For brevity, we will ignore –keep-allele-order, –a2-allele, and the like in the rest of this chapter, but be aware that allele order matters sometimes. We will also just give the PLINK 1.9 form of a command when either PLINK version can be used.

3.1.2 PLINK text ({.ped, .map})

A significant number of older datasets are in PLINK’s original text fileset format, where the .map file contains variant IDs and positions, and the .ped file stores both sample IDs/pedigree info and genotype calls. These can be imported with

plink --file original_data \     --make-bed \     --out converted_data

Replace –file with –tfile to import a “transposed text” fileset ({.tped, .tfam}).

3.1.3 Other Formats

PLINK is capable of importing several other commonly used genotype data formats. The necessary command lines are all very similar; you usually just need to replace –vcf/–file with another flag. Refer to

https://www.cog-genomics.org/plink/1.9/input and


for details.

3.1.4 Alternate Chromosome/Contig Sets

Unless you specify otherwise, PLINK interprets chromosome codes as if you were working with human data: 1–22 (or “chr1”–“chr22”) refer to the respective autosomes, 23 refers to the X chromosome, 24 refers to the Y chromosome, 25 refers to pseudoautosomal regions, and 26 refers to mitochondria.

If you are working with another species, use the “–chr-set” flag to indicate the number of autosomes. A positive parameter indicates a diploid genome, while a negative number tells PLINK to treat the genome as haploid; so “–chr-set 38” is appropriate for dog data, while “–chr-set -19” is correct for some bog moss species.

Some datasets also contain unplaced contigs. As long as their names start with non-numeric characters (e.g., “contig35” is ok, “35” is not), PLINK will accept them when you include “–allow-extra-chr” (–aec for short) on the command line.

(Unfortunately, if you need –chr-set or –aec once, you will usually need to include it every time you run PLINK on data for that species.)

3.1.5 Missing Variant IDs

Sometimes, your input files contain lots of variants which have not been assigned a unique ID (e.g., a VCF file where lots of “ID” column entries are “.”). This can prevent some PLINK commands from working properly (such as the fileset merge operation we will discuss next), so it is best to address this during or immediately after data import.

PLINK’s –set-missing-var-ids flag provides one solution. Given a template string where “@” represents the chromosome code and “#” represents the base-pair coordinate on the chromosome, it replaces every “.” variant ID with a template-based ID. For example,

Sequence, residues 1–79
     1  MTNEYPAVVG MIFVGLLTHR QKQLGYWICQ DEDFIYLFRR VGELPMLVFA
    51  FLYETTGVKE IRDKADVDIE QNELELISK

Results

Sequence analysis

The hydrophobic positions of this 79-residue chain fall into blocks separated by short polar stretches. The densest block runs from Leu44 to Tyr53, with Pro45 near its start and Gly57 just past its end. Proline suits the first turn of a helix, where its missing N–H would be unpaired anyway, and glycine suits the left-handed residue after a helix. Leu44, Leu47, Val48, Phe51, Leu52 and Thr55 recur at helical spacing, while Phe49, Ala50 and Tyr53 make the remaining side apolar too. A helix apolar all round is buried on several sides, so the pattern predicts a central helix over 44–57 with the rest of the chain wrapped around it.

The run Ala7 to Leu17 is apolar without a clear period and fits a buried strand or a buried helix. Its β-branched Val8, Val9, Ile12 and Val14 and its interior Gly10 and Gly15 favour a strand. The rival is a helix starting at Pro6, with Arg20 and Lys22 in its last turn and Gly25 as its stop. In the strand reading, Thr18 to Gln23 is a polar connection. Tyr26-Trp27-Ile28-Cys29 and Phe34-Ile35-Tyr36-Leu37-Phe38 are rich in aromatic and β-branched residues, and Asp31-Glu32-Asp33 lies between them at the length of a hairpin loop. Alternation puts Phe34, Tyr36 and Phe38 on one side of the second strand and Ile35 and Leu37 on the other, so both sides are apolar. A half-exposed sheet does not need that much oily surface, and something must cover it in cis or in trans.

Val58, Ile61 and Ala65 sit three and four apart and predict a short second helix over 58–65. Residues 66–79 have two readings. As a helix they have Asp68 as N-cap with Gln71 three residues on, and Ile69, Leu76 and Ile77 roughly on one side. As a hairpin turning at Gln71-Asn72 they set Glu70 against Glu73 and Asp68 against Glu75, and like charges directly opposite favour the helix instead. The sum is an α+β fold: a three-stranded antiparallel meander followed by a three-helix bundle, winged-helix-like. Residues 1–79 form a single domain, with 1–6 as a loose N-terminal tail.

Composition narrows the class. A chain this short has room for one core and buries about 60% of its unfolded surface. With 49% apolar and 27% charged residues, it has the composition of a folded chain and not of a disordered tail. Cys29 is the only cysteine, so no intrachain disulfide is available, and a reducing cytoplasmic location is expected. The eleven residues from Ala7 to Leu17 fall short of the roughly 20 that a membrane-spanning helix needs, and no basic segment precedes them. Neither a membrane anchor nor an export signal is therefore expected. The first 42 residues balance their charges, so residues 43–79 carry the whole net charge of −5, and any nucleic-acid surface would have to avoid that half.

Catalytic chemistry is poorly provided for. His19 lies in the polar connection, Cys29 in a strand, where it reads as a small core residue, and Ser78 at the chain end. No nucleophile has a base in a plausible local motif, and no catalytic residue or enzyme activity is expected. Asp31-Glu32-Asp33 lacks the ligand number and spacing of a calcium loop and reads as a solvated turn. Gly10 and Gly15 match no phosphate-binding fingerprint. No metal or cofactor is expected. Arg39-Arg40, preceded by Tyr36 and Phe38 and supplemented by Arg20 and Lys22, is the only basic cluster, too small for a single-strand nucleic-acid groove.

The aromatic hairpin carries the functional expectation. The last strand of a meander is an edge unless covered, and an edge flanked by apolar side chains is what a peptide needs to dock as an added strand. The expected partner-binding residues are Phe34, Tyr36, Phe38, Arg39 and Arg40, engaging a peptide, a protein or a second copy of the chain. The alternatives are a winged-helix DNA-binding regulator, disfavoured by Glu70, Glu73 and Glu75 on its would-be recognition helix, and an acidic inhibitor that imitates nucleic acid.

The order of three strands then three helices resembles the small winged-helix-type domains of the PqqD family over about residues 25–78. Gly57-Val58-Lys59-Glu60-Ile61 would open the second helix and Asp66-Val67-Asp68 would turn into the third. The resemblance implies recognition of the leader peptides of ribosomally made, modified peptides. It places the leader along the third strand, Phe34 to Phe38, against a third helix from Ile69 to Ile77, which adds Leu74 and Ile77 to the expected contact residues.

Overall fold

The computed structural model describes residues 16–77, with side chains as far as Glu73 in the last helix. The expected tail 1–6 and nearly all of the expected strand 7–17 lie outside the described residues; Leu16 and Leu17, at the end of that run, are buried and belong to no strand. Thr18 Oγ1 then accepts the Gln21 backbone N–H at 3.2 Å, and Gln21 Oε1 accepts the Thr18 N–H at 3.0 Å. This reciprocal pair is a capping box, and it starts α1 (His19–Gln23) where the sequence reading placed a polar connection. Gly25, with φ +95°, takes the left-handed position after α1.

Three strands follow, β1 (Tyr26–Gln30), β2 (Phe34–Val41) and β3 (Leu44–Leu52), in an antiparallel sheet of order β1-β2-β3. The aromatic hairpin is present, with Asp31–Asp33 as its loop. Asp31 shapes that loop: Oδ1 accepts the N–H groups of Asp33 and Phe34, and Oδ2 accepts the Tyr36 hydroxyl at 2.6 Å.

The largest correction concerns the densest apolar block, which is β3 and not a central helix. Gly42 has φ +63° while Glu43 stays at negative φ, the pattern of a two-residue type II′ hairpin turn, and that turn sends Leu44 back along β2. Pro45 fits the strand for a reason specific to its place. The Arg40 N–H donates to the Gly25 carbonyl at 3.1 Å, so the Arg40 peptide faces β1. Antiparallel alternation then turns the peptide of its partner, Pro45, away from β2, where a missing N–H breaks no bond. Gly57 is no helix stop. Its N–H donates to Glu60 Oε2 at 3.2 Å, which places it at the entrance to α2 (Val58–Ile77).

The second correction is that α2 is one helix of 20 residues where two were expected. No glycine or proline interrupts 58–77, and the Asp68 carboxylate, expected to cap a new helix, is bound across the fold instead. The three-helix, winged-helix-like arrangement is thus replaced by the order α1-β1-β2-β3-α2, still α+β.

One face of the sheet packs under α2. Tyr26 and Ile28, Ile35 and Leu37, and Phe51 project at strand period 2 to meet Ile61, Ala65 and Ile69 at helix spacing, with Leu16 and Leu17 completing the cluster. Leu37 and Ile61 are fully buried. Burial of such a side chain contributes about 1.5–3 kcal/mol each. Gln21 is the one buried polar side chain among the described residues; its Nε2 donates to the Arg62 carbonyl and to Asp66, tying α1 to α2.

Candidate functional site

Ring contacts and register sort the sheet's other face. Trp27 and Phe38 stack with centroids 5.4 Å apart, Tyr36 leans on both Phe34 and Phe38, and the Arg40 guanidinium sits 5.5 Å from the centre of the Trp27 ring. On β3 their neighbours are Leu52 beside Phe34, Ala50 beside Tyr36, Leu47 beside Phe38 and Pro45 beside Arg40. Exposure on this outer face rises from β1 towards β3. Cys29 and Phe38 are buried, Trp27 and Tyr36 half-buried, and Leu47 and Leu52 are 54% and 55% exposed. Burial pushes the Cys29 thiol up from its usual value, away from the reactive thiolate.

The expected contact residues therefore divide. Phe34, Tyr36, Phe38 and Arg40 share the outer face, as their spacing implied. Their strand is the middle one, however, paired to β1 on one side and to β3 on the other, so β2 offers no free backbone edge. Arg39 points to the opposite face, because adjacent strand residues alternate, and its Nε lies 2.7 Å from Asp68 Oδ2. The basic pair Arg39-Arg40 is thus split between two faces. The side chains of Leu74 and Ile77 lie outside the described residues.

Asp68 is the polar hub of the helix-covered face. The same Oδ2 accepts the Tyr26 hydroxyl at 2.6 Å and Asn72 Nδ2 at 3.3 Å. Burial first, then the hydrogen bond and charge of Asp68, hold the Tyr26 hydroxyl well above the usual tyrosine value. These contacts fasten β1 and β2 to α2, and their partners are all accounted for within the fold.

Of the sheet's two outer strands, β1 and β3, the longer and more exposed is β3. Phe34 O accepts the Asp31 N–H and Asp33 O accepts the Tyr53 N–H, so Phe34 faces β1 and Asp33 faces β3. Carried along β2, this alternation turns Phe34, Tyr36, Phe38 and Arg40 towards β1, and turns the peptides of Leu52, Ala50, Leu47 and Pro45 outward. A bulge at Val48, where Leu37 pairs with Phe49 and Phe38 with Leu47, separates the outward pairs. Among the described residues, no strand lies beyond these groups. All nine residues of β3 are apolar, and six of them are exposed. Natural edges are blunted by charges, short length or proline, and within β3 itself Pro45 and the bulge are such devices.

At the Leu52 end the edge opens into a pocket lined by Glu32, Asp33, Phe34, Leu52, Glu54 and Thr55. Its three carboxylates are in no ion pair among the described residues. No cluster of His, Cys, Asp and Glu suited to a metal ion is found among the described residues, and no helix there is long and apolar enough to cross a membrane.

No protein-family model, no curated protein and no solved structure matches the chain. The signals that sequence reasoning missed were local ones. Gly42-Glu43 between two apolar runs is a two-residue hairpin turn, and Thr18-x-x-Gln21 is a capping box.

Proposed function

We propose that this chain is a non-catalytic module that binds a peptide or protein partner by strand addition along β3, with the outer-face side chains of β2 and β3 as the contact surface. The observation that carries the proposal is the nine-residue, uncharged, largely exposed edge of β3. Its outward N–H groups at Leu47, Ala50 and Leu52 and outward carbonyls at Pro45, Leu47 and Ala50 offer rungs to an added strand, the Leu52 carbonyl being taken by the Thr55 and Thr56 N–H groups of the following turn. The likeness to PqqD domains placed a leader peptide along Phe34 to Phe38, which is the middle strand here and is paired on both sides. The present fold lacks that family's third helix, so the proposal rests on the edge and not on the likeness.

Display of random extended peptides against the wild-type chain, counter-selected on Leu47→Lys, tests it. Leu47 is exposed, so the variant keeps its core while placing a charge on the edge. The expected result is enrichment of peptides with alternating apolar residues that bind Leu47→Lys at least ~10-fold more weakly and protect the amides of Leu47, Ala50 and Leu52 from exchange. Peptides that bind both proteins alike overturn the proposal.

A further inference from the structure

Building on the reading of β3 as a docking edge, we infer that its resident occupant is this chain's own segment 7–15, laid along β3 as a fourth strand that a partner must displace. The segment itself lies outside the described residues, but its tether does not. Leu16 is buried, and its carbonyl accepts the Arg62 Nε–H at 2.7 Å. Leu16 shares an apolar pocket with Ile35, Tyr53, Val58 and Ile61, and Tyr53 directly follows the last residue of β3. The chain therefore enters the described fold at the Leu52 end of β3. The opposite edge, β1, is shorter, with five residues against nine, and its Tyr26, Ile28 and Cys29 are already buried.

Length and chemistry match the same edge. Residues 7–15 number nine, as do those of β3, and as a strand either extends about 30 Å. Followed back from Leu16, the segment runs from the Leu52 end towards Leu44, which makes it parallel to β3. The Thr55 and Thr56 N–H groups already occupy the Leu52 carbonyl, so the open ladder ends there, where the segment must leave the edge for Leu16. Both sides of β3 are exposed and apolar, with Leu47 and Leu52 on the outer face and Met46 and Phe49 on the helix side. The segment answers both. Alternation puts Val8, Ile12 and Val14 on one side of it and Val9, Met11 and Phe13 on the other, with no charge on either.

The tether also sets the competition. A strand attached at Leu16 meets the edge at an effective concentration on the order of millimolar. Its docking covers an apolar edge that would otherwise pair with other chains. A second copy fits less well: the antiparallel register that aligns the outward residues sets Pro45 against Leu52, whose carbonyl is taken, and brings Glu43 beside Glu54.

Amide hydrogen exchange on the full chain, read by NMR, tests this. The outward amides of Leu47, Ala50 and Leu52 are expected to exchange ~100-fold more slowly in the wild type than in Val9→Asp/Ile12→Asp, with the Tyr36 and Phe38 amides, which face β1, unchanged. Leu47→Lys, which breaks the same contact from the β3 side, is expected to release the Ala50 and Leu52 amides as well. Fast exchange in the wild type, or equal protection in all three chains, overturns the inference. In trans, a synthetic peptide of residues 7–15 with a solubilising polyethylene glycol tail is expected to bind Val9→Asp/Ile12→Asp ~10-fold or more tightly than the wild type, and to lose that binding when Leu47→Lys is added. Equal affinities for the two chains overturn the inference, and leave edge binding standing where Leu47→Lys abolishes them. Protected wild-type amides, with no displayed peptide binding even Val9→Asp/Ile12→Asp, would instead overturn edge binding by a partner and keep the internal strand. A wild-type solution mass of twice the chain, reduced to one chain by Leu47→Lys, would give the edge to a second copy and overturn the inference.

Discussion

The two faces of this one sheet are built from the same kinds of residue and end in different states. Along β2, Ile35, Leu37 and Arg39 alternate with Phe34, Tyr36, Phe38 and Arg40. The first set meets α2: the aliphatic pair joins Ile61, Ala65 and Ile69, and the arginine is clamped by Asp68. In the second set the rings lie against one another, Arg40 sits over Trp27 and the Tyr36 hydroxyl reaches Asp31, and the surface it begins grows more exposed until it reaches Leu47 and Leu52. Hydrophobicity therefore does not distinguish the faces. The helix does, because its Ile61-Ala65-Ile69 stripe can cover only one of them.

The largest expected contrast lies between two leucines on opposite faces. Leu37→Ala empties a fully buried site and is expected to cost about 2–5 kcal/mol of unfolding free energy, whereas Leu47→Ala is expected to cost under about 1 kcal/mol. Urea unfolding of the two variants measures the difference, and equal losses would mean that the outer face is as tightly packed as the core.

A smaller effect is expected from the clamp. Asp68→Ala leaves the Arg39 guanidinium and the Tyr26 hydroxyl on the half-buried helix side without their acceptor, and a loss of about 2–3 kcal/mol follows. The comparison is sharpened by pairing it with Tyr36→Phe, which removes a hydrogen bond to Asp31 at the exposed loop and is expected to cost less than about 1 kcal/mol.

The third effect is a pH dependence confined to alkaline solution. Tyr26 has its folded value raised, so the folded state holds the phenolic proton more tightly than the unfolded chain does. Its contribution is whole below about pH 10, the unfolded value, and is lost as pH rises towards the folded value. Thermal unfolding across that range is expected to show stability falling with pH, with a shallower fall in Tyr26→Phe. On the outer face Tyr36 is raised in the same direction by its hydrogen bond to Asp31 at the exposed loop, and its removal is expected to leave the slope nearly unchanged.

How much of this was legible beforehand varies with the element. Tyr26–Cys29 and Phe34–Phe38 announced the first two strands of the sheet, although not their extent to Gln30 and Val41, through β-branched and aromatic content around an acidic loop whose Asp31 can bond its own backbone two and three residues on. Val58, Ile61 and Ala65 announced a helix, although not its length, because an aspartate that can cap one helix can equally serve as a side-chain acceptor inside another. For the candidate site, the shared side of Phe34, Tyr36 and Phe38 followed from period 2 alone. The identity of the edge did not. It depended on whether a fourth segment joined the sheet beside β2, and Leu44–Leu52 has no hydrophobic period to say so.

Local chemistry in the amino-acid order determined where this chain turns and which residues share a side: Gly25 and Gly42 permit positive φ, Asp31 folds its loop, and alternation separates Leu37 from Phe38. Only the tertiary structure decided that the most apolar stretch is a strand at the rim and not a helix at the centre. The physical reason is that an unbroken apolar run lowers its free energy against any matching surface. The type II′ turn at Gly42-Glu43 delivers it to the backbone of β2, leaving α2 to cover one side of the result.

plink --bfile converted_data \     --set-missing-var-ids @:# \     --make-bed \     --out idfilled_data

would assign the ID “3:5331691” to an unnamed variant at chromosome 3, position 5331691. This is good enough for SNP-only data.

PLINK 2 also allows the template string to include REF/ALT allele codes, supports several ways of handling very long allele codes, and lets you rewrite all variant IDs with the template instead of just missing IDs; see https://www.cog-genomics.org/plink/2.0/data#set_all_var_ids.

3.1.6 Merging

So you have converted all your data to PLINK 1 binary format, but it is split across multiple filesets. To merge them into a single fileset,

  • Create a text file with each of the input filename prefixes, one per line. Call this input_sources.txt.

  • Run

    plink --merge-list input_sources.txt \     --out merged_data

Note that, if you are merging a thousand single-sample input filesets which all have the same sample ID, PLINK will assume all genotype calls are for the same individual (and, as a consequence, most or all genotype calls in the merged dataset will be missing; PLINK’s merger normally only keeps a genotype call when all input files agree on it). Assign a different sample ID to each individual before merging.

3.1.7 Filling in Missing Pedigree Information

VCF files normally do not contain pedigree information. However, you will often know at least the sexes of most of the samples anyway. Here is one way to integrate them with your merged PLINK fileset.

  • Create a text file where the first two columns are PLINK sample IDs, and the third column indicates sex (1 or M = male, 2 or F = female) (see Note 3). Call this file sex_info.txt.

  • Run

    plink --bfile merged_data \     --update-sex sex_info.txt \     --make-bed \     --out merged_data_with_sex